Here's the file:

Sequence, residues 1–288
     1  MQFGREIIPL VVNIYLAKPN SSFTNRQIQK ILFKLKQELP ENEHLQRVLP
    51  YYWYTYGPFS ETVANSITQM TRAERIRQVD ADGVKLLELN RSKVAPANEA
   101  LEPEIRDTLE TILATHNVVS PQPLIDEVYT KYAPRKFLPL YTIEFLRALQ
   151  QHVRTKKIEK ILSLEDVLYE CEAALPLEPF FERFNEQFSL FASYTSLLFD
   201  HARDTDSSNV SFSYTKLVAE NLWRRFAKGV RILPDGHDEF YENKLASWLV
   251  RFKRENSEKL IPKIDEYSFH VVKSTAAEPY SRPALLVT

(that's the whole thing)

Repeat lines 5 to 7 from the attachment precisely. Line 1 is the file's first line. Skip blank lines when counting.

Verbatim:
   151  QHVRTKKIEK ILSLEDVLYE CEAALPLEPF FERFNEQFSL FASYTSLLFD
   201  HARDTDSSNV SFSYTKLVAE NLWRRFAKGV RILPDGHDEF YENKLASWLV
   251  RFKRENSEKL IPKIDEYSFH VVKSTAAEPY SRPALLVT